"The Four Laws in the Jesus Sutras begin with no desire. This doesn't mean that you should once and for all purify yourself of all desire. That would be inhuman. But there is a kind of craving that can take away your freedom and tranquillity, a compulsive sense of need - for things, food, people, money, sex and even experience. Strong desire can serve the spiritual life, but even the slightest degree of compulsion throws you off balance. Maybe you don't see the precious and beautiful life in front of you, and especially the simple and important things like children, family life, neighbors, nature and craft. Not having these things that enrich you at a deep level, you go after things that glitter without satisfying.

"Second is the law of no action. Obviously, this doesn't mean becoming a vegetable. It means noticing the activities that keep you occupied but don't really make life worth living. Today everyone complains they're too busy, and yet the important things are not being done. We have many people in need of help. We need good story telling, whether on television or in print. We need beautiful objects that are not mass-produced. We need supportive and safe cities and towns and food that doesn't poison us or cause disease. There is much for us to do, not for financial profit and personal enhancement, but to make life beautiful.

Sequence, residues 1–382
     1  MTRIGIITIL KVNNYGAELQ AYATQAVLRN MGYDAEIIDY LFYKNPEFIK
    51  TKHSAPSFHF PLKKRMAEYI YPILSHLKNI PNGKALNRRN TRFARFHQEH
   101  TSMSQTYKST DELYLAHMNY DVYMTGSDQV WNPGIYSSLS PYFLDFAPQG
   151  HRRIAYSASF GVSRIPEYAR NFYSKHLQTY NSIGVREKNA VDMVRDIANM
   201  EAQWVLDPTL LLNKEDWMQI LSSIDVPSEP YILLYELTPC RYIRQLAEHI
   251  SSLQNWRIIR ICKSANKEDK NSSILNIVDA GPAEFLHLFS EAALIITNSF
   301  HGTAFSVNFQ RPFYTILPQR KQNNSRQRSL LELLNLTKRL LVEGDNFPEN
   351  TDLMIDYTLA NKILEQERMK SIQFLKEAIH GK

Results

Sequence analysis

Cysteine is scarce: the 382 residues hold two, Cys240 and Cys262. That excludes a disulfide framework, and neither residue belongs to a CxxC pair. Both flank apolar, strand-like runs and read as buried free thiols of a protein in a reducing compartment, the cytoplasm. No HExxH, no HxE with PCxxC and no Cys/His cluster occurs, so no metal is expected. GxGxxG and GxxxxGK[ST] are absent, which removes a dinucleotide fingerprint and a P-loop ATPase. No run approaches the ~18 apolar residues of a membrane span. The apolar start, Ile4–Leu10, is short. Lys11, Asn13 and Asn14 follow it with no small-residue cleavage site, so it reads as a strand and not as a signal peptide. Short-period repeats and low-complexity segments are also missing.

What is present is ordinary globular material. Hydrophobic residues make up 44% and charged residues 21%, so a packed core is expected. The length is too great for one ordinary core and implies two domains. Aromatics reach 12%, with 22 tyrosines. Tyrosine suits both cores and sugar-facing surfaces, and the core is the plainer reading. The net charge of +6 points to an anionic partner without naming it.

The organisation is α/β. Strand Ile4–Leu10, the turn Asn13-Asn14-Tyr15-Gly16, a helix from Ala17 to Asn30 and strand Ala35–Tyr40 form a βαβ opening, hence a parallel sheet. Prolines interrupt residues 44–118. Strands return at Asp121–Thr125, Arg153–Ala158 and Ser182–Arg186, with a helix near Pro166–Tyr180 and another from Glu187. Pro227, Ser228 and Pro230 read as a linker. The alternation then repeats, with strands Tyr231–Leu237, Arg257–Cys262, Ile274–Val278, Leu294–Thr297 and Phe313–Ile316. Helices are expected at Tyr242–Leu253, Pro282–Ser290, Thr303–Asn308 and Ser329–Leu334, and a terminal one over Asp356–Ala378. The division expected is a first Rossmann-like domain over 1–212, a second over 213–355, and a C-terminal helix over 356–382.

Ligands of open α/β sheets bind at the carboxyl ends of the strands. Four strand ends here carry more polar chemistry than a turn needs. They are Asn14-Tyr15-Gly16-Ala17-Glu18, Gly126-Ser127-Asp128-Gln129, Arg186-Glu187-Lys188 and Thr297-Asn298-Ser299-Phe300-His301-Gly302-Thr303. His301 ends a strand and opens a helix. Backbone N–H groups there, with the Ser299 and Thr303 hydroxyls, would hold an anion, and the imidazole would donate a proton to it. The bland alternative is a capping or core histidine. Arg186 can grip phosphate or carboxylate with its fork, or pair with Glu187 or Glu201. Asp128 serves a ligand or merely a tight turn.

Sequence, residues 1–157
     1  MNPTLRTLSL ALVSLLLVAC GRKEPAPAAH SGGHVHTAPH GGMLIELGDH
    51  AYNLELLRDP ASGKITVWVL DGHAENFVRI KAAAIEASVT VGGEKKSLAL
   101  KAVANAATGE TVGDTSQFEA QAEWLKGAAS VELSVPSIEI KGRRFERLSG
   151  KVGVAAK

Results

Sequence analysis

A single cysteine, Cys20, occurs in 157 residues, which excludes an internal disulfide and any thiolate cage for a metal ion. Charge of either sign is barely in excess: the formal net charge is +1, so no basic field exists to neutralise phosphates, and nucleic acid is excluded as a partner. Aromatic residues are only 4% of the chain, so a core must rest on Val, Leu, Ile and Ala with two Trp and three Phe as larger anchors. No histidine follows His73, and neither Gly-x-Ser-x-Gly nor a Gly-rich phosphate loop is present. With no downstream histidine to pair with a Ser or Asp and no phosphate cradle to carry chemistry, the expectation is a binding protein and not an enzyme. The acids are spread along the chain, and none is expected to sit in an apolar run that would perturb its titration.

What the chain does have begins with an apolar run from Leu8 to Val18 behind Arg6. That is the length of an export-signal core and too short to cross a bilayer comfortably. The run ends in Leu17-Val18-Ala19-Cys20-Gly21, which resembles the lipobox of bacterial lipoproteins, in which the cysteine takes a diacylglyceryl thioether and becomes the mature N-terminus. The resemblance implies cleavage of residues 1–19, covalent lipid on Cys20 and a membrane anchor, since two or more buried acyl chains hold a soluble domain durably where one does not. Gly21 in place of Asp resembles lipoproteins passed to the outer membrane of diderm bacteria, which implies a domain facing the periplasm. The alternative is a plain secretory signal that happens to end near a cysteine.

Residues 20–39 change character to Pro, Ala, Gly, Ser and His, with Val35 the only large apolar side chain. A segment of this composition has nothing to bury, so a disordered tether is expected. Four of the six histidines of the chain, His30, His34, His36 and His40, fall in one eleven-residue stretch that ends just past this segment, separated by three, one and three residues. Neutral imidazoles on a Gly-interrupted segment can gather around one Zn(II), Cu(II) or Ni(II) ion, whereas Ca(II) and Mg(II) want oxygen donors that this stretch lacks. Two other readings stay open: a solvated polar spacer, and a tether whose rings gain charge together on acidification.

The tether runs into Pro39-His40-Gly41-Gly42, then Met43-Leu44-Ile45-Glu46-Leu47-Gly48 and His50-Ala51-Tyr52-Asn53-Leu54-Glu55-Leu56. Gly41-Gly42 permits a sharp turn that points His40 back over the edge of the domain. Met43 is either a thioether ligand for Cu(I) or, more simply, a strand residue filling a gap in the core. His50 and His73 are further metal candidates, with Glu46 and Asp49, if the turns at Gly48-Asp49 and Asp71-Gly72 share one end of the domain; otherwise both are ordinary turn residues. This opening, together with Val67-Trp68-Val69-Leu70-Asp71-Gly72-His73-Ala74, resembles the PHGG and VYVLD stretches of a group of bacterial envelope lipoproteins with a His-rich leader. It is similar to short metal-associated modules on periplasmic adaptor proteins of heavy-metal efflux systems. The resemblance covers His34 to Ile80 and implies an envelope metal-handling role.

"The spiritual enlightenment in the Sutras stream forth in their treatment of the third law, no virtue. Within the spiritual life there is an impulse towards sharing your excitement at finding insight and an effective way of life. But this natural desire to spread the word easily becomes excessive. In the extreme, believers force others to follow their way. In more modest form, the urge becomes an annoying attempt to convert those to your opinion.

"The Jesus Sutras answer this by combining beliefs from Christianity, Taoism and Buddhism in a balance and dynamic fashion. The result is a different form of piety, a devotion in which you focus on the wisdom and insight that has come to you. You may develop daily practices that keep your understanding in mind. This will lead in turn to serving not only the community that shares your vision but the greater community as well. All this is a form of piety that will do more to convince others of the value of vision than any effort to convert and persuade.

"The fourth law, no truth, can be a difficult one to accept. Think of it as the difference between fact and insight. We live in a culture that believes in provable facts. Anything else is personal, suspiciously subjective. Even in spiritual matters, you may think you possess the truth. But actually insight, with all its subjectivity, is more important that the illusion that you have all the answers. The word "truth" conveys the idea that you alone are aware of the ultimate reality. It is a highly dogmatic word, usually split off from the soul qualities that would temper it and make it less belligerent. The Jesus Sutras soften the notion of truth and give it a needed depth. In a society full of competitive claims about who is right, this slight change in attitude can inspire our religions and transform the way we lead our lives." (pp. 126-129)